Charles Rangel careens toward House trial; Democrats keen to avoid it
A hearing by House ethics investigators is expected to convene Thursday for Democratic Rep. Charles Rangel. In an election season, corruption allegations can be toxic for the party in power.
Alex Brandon/AP Photo
Twenty-term Rep. Charles Rangel (D) of New York was as close as the House comes to invincible – a powerful committee chair, winning his last race with 89 percent of the vote – until the ethics woes he couldn’t talk away led to Thursday’s scheduled launch of a rare House trial.
Up to now, these alleged violations have been mainly speculation, culled from press reports and jeremiads from ethics watchdog groups. These include reports of tax evasion, improper use of four rent-controlled apartments in New York, corporate-funded travel in violation of House rules, and soliciting funds for the Charles B. Rangel Center for Public Service on official stationery from people with business before the panel that he chaired. In one reported account, Representative Rangel, then chairman of the Ways and Means Committee, agreed to preserve a loophole for an oil driller who had just pledged $1 million to the Charles B. Rangel Center.
But with the expected convening of an open hearing by House ethics investigators at 1 p.m. Thursday, the charges are formal, out in the open, and grist for fall midterm elections.
To avoid a trial, Rangel could cut a deal with the ethics panel and publicly admit wrongdoing, or he could resign his House seat. Three House Democrats have called for his resignation, even before the charges were made public. Other lawmakers are expected to do the same on Thursday.
In an election season, corruption allegations can be toxic for the party in power. Newt Gingrich used the ethics lapses of Democrats as a club for Republicans to take back the House in 1995, after the GOP had been in the minority for 40 years. In 2006, Democrats returned the favor, as they used the influence-peddling scandals around ex-lobbyist Jack Abramoff to upend GOP control.
Mr. Abramoff’s Jan. 3, 2006, guilty plea in a D.C. court gave Democrats a powerful image for their 2006 campaign. That’s why Rangel, his lawyers, and House Democratic leaders have been pressing to quietly settle the case before the House ethics panel’s “adjudicatory subcommittee” details public charges against Rangel.
Thursday’s charges, public-interest groups say, could go to the heart of the pay-to-play culture on Capitol Hill that has undermined the reputation of Congress for decades – or they could focus on relatively minor reporting errors.
“With Rangel, it remains to be seen what happens when they present their case. He sent out letters on official stationery trying to raise money for the Charles B. Rangel Center, then met with people shortly after his fundraising pitches with business before the Ways and Means Committee,” says Bill Allison, editorial director at the Sunlight Foundation in Washington. “If the charges all focus on financial disclosures and paperwork, it’s far less interesting at getting at how Congress really works.”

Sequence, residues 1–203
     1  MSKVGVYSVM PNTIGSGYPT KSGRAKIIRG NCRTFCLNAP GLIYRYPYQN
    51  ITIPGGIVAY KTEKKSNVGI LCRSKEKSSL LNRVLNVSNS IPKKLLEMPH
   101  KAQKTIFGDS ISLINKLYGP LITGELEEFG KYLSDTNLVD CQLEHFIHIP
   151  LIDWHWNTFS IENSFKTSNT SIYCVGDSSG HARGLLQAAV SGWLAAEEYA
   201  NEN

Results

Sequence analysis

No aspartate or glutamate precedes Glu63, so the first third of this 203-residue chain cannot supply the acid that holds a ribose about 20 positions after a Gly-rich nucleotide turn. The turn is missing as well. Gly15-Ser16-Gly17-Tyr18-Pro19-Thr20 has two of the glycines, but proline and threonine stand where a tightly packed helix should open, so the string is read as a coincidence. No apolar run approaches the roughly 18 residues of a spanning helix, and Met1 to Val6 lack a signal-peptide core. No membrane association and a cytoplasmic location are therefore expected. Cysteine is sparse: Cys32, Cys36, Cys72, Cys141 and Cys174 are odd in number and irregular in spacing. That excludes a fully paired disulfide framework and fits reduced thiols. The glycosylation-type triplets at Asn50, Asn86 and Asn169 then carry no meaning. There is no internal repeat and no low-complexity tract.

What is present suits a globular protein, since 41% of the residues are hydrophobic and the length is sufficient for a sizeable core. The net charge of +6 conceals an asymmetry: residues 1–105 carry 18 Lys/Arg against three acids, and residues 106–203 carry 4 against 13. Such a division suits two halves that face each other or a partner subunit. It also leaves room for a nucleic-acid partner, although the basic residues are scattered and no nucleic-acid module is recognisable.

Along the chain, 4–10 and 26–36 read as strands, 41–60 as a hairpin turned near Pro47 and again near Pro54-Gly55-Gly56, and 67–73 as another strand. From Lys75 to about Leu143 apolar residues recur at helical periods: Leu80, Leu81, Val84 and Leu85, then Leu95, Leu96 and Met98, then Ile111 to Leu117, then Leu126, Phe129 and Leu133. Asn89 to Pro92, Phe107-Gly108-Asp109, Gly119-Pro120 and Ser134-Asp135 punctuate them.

Barring a last-minute deal, here’s how events will play out. At 1 p.m., House ethics investigators release their Statement of Alleged Violations against Rangel. Rep. Zoe Lofgren (D) of California, who chairs the Committee on Standards of Official Conduct, and Rep. Michael McCaul (R) of Texas, the top Republican on the eight-member adjudicatory subcommittee, will preside. (The ethics panel is the only House committee that is strictly bipartisan, with members of both parties equally represented.)
Neither Rangel nor his lawyer is required to respond to the charges at that time. But Rangel, who called on the ethics panel to investigate the allegations against him two years ago so he could be cleared, has signaled that he may have a statement.
“I am pleased that, at long last, sunshine will pierce the cloud of serious allegations that have been raised against me in the media,” he said in a July 22 statement. “I will be glad to respond to the allegations at such time as the ethics committee makes them public.”
With the House breaking for a six-week recess this week, the trial by the adjudicatory subcommittee won’t begin until September. Its findings must be affirmed by the full ethics committee, then voted on by the House. Sanctions range from reprimand or censure to expulsion from the House.
For years, the ethics panel has had a reputation of sweeping ethics allegations under the rug. That’s why Speaker Nancy Pelosi pushed hard for a new, independent Committee on Ethics to reassure the public that Democrats want to lift ethics to a higher level.
“Typically, the ethics committee doesn’t act unless there is not just a smoking gun, but an exploding gun, throwing things all around them,” says Norman Ornstein, a resident scholar at the American Enterprise Institute in Washington. “They may end up throwing the book at Rangel, just to show they’re tough.”
A founder of the Congressional Black Caucus, Rangel is a decorated war hero. He defeated Harlem icon Rep. Adam Clayton Powell Jr. – himself expelled by the House for ethics violations in 1967 and later reelected – in the 1970 Democratic primary.
He worked up the ranks to chair the powerful House Ways and Means Committee. In March, Rangel stepped down as chair of that panel after a reprimand by the House ethics panel for accepting corporate-sponsored trips to the Caribbean. He faces a contested Democratic primary on Sept. 14, with New York State Assemblyman Adam Clayton Powell IV as his leading rival.
Without commenting on his legal issues, he ended a brief appearance before the National Urban League on Wednesday with this thought: “All I can promise you is when the sun is shining and everything is settled, we once again will be standing together with dignity and with honor to complete our jobs for our communities and for this great United States.”